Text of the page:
Studios reach out to police in anti-piracy effort
CMPDA seeks help to put bootleggers out of businessTORONTO -- The major studios are enlisting local police and politicians to tackle a surging market in bootleg Hollywood movie DVDs in Toronto malls.
Stephen Covey, director of anti-piracy operations for the Canadian Motion Picture Distributors Assn., said Friday that about 200,000 illegal DVDs, including some of the summer's top blockbusters, were recently seized in three north Toronto malls during a series of raids in the heart of the Canadian-Chinese community.
But Covey said the CMPDA now requires help from the Royal Canadian Mounted Police and other law enforcement authorities to put a hard-core group of vendors who openly sell bootleg DVDs out of business.
"We've taken it as far as we can, and now we need the government and police to move and clear them out," Covey said.
He added that the target retailers have been hit repeatedly with cease-and-desist orders from the CMPDA and had their illegal product confiscated, and yet remain in business via the deep pockets of their organized crime backers.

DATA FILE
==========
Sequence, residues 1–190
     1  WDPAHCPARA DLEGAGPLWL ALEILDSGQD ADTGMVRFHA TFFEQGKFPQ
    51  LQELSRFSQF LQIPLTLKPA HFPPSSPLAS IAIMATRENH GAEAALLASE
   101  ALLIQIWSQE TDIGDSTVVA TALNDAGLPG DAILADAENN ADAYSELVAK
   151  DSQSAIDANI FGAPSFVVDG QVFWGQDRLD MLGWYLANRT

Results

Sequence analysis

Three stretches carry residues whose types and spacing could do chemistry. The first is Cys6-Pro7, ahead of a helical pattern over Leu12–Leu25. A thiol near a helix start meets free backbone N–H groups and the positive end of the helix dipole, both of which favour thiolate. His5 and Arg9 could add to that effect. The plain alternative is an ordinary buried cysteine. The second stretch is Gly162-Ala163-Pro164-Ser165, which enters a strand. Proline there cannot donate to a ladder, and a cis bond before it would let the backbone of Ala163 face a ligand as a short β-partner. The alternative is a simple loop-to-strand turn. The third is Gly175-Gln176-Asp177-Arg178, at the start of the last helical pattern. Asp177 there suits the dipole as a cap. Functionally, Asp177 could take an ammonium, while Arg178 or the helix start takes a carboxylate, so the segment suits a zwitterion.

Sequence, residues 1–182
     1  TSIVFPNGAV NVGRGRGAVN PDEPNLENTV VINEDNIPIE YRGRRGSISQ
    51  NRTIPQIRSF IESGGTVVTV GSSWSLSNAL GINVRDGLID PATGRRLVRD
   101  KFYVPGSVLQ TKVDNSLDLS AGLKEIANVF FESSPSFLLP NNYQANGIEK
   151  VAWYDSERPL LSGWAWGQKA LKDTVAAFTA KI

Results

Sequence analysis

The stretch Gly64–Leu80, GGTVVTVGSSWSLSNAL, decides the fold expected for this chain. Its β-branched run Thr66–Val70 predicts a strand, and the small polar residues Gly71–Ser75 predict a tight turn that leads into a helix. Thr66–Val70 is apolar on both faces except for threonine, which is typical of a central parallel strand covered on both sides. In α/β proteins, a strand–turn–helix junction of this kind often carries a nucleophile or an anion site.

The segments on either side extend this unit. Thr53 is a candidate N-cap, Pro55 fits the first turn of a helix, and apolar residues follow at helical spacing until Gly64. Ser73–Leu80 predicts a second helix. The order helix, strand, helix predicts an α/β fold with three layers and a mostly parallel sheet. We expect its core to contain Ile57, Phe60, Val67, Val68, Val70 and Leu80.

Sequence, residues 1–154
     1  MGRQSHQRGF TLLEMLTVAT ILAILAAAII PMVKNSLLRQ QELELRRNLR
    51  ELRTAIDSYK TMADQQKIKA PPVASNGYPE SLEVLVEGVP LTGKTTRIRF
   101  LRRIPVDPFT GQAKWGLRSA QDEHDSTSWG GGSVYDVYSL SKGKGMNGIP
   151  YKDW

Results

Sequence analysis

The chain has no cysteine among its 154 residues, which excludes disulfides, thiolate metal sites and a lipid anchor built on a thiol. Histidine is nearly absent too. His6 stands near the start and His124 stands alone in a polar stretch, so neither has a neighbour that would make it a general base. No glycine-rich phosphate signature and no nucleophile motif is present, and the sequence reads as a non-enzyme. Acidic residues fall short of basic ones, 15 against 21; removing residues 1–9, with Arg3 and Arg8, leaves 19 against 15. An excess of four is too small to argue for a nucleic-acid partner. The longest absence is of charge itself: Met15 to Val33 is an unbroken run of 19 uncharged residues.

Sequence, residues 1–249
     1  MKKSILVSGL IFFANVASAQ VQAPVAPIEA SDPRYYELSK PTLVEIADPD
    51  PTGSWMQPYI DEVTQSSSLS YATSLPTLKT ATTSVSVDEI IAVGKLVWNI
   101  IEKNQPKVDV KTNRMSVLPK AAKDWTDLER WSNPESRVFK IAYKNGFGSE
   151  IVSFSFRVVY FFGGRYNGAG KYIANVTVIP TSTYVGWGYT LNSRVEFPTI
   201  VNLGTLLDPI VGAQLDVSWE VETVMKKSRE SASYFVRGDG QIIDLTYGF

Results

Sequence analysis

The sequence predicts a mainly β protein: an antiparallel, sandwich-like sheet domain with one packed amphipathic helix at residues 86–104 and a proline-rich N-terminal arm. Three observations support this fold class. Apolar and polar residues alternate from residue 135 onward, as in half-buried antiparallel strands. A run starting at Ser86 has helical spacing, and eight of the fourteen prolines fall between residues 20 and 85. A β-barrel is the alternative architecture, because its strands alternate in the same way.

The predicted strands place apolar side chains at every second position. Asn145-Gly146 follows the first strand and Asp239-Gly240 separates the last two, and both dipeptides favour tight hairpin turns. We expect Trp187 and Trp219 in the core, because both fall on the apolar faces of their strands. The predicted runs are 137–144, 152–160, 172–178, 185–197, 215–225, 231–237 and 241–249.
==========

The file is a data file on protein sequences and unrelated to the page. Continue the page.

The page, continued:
In the next two weeks, CMPDA officials will be joined by representatives of the major studios, Blockbuster, HMV and other video retailers to take their case directly to local authorities.
The CMPDA aims to repeat the success it had last year when the federal government enacted a law to end the illegal recording of new releases in domestic cinemas after Warner Bros. threatened a movie preview ban in Canada.
Covey said that a similar pre-emptive strike by the studios against illegal retail sales of bootleg DVDs is not yet in the works.
Instead, the studios, in upcoming talks with Canadian authorities, will be keen to remind them that they bring their movies up north for production, and that they want their product protected from organized crime that profits directly from the sale of bootleg DVDs.